“the testing of hydrogen bombs may have already propelled enough strontium 90, the most pernicious aftermath of nuclear fission, into the stratosphere to doom countless of the world’s children to inescapable and incurable cancer.” (5)

With the AEC bone program largely a secret government venture, the need for a more public study of fallout in bodies became clear. In August 1958, biochemist Herman Kalckar proposed an international, long-term program measuring fallout in baby teeth. Kalckar noted that young children “take up radioactive strontium and caesium more intensely than adolescents and adults.” (6)

Citizens and Scientists Collaborate, Tooth Study Helps End Testing

Kalckar’s idea was an instant hit. The Greater St. Louis Citizens Committee for Nuclear Information, a combination of Washington University scientists and concerned local citizens, began a study in December 1958. Teeth donations were solicited by distributing forms to schools, libraries, churches, dentists, and dental clinics. (7) By the time the study ended over a decade later, over 300,000 teeth had been collected. Federal funds gave some support, but many volunteers handed out forms, collected information from parents, and distributed buttons to children stating “I Gave My Tooth to Science.”

Lab testing of baby teeth confirmed the fears of many, namely, the enormous buildup of fallout in baby teeth. The average Sr-90 level in baby teeth for a St. Louis child born in 1963 was about 50 times higher than that of their counterparts born in 1950. (8) The St. Louis tooth study entered the policy arena when Washington University’s Dr. Eric Reiss presented results to the U.S. Senate. Soon after, President John F. Kennedy signed the Partial Test Ban Treaty.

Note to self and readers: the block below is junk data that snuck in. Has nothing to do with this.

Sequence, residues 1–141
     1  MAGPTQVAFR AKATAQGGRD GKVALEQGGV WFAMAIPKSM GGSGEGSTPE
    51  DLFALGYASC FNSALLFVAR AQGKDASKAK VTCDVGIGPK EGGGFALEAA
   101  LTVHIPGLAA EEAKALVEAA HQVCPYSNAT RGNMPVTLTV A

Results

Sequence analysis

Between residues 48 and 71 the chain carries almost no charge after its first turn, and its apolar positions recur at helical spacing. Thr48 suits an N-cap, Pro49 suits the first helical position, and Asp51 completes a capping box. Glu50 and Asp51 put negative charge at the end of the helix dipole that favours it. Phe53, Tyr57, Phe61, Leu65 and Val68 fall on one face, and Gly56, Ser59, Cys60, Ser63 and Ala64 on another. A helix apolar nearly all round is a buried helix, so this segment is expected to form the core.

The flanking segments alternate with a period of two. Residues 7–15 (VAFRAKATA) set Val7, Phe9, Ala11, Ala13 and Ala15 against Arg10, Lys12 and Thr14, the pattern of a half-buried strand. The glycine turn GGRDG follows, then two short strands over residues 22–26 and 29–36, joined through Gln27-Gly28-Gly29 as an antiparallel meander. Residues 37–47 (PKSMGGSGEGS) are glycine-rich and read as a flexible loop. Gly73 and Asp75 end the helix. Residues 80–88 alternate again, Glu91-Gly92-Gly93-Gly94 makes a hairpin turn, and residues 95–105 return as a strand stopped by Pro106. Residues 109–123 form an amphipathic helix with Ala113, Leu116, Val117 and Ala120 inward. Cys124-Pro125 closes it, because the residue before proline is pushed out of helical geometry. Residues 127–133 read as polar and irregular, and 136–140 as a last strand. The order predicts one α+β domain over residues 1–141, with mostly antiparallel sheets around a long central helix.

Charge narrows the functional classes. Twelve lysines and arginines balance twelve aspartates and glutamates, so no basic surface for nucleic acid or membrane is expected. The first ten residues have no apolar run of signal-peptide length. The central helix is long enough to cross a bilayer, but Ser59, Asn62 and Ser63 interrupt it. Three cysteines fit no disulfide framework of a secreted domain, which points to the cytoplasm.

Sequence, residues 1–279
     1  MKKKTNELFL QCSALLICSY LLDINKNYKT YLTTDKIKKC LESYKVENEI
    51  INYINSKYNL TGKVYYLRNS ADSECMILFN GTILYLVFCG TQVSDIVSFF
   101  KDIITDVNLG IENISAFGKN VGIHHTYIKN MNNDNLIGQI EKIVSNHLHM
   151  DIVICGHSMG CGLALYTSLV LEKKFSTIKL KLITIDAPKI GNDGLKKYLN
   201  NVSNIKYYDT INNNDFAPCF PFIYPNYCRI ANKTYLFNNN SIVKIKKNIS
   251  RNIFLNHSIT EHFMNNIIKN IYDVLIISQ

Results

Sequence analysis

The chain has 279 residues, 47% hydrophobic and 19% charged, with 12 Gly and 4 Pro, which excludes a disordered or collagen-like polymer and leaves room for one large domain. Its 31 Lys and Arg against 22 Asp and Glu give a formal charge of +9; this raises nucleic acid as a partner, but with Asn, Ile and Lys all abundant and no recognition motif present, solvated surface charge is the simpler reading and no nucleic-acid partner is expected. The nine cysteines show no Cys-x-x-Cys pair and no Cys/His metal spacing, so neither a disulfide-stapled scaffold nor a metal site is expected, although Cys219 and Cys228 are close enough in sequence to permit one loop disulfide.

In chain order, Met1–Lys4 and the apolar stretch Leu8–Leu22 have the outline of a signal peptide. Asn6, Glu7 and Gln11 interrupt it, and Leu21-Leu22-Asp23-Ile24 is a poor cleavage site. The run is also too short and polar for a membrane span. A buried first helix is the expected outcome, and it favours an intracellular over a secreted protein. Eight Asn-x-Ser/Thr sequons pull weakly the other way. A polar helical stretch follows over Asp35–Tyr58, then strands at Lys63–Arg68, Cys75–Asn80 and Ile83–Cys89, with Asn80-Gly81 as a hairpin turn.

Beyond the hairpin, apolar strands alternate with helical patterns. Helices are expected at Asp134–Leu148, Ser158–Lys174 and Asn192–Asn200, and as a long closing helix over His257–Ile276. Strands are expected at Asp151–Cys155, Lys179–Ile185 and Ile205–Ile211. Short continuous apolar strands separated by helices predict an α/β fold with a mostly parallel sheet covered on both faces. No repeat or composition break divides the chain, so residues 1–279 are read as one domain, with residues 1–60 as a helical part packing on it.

The Washington University tooth study was duplicated in Czechoslovakia, Denmark, Finland, Norway, the United Kingdom, and West Germany. All studies detected the same sharp increase in Sr-90 as bomb testing went on.

The St. Louis study also produced good news: five years after the Treaty went into effect, average Sr-90 in the jawbones of stillborn fetuses plunged about 50%. (8) Post-Treaty reductions were so dramatic that the U.S. government discontinued funding for the St. Louis tooth study in 1970, and studies of Sr-90 in bones of children (1971) and adults (1982), leaving the nation with no program measuring radioactivity in human bodies.

Baby Teeth Used to Address Cancer Risk from Bomb Tests

Talk of fallout causing cancer was common in the bomb test era. A Newsweek article covering the St. Louis tooth study asked “But what about the children who have done their growing while strontium-90 levels were high ? are they liable to develop cancer?” (9) The St. Louis study addressed the buildup of fallout in human bodies, but not cancer risk. Government officials were in no hurry to look at the fallout-cancer link, so the topic went unexamined.

After decades of asserting fallout levels were too low to cause cancer, the government position changed after the Cold War ended. Federal studies estimated that fallout caused 49,000 Americans to develop thyroid cancer, with few fatalities (10), and about 15,000 Americans died of cancer from fallout. (11) Some believed these figures to be gross underestimates; a blue-ribbon European panel estimated worldwide cancer cases from fallout to be 123,200,000, half of them fatal. (12) But U.S. health officials, not eager to consider mass carnage, stopped studies of fallout in 2002.